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If the World Bank is to be believed, it takes about four years to wind up an ailing company in India. That's way above when compared to China, where it doesn't take more than two years to complete this task.
Further, in India, creditors are able to recover just 25.7 cents on the dollar. This ratio is the worst among the emerging economies. The statistics indicate that a strong bankruptcy law is required to end this mess.
The bankruptcy procedures in India are not at all efficient currently. There are large number of conflicting laws in relation to insolvency. The court tries to interpret a number of laws before coming to a conclusion. This leads to delays in decision making. As many as 60,000 bankruptcy cases are pending before the courts today.
There are various flaws in the current system. Let's discuss a few of them...
Some laws prevent creditors from taking any legal actions against the defaulter, unless a restructuring plan is in place. Now just imagine the time it will take to carve a restructuring plan. Realistically, it may take more than a year to restructure an entire company. Till this time, creditors will not be able to take any action against the defaulter.
Further, as per the 'Board of Industrial and Financial Reconstruction', a company can be declared sick only if the accumulated losses equal to or exceeds its entire net worth at the end of any financial year. This means an ailing company has to wait till such time to be declared a 'sick company'.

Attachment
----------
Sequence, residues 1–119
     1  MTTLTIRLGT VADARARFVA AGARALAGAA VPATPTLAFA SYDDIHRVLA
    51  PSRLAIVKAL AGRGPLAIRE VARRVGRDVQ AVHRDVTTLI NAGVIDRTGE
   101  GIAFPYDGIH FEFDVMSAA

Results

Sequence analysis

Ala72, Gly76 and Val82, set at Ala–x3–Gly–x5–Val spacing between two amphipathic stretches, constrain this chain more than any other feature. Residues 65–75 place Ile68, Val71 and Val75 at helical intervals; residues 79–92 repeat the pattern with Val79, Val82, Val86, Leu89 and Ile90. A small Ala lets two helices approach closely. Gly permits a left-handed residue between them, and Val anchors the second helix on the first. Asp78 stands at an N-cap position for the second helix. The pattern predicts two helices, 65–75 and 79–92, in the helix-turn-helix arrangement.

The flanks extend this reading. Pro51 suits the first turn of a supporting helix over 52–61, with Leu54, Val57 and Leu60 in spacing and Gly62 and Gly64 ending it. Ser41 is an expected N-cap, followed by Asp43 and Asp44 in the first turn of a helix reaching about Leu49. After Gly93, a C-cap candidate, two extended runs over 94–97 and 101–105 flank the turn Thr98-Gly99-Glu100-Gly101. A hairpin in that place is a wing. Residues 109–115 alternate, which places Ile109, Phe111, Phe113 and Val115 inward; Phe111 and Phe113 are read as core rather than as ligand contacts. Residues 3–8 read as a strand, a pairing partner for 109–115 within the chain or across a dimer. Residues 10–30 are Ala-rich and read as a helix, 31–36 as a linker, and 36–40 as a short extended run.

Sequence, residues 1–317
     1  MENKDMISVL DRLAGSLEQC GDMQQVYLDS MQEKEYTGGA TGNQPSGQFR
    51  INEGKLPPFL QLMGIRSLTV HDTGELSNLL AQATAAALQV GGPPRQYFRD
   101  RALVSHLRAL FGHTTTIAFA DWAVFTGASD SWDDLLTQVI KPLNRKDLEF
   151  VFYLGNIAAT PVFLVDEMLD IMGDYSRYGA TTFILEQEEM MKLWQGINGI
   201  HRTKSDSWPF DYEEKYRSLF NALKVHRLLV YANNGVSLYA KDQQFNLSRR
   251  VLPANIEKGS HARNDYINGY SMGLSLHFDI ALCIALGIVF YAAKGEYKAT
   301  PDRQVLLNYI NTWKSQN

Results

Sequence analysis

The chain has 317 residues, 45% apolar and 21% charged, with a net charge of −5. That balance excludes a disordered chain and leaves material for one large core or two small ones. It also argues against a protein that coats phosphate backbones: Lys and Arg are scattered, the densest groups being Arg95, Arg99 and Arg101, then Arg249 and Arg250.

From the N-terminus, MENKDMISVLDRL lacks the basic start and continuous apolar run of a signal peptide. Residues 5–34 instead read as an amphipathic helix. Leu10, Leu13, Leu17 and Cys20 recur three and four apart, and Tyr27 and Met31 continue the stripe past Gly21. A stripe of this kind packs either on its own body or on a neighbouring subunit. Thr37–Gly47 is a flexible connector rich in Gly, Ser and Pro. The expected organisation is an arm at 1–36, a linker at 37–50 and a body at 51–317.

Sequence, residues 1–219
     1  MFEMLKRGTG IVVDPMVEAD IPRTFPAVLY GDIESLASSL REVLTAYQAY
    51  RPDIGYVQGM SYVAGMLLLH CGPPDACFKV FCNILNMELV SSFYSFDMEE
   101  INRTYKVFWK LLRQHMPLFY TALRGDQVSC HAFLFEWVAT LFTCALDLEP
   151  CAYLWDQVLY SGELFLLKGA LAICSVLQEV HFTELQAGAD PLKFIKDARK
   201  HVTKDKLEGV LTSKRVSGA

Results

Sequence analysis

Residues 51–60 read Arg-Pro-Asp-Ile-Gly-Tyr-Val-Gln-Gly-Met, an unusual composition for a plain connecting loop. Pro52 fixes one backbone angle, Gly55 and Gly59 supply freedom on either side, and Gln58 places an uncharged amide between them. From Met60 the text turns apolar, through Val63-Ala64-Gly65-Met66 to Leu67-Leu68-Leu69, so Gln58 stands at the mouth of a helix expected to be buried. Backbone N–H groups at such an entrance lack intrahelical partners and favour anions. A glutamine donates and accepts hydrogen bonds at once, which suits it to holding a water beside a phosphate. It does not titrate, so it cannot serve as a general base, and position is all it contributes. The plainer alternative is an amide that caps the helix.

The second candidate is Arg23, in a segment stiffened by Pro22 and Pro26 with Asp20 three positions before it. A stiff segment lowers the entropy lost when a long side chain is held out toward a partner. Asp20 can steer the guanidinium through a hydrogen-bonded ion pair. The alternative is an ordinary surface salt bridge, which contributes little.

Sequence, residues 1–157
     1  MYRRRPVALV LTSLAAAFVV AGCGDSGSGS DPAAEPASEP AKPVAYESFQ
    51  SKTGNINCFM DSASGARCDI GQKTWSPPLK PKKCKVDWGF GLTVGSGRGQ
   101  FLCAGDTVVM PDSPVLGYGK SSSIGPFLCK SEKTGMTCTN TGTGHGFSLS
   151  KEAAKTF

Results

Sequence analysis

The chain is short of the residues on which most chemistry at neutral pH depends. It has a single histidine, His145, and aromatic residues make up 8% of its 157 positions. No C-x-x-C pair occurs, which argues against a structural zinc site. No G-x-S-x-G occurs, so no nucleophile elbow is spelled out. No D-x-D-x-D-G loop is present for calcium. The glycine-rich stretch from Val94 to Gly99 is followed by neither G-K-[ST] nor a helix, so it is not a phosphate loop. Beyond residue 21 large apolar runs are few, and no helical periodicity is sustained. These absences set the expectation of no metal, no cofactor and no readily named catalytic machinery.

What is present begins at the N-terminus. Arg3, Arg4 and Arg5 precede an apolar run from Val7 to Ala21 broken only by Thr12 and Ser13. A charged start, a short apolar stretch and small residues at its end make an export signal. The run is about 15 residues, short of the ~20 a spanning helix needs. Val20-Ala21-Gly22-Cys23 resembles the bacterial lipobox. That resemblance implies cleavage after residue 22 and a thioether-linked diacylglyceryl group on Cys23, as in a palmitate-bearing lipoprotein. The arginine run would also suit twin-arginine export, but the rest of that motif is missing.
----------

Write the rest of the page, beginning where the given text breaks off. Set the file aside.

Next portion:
While there are creditor-friendly laws which help in liquidating such firms rather than restructure them. However, such laws face conflicts with regulations on land and labour laws which prevent the selling of property or the laying off of workers at the factories.
However, it seems that the government has come up with a bankruptcy code that could solve the current mess. As reported by 'Economist', a new bill has consolidated various laws into one and is designed to reduce conflicts among creditors. The new code also sets a deadline of 180 days to decide the fate of an ailing firm. Further, it puts the unsecured lenders ahead of the government in recovering the amount due. The new bankruptcy reforms will be introduced in the winter session of parliament. Will it be passed? Let us see...
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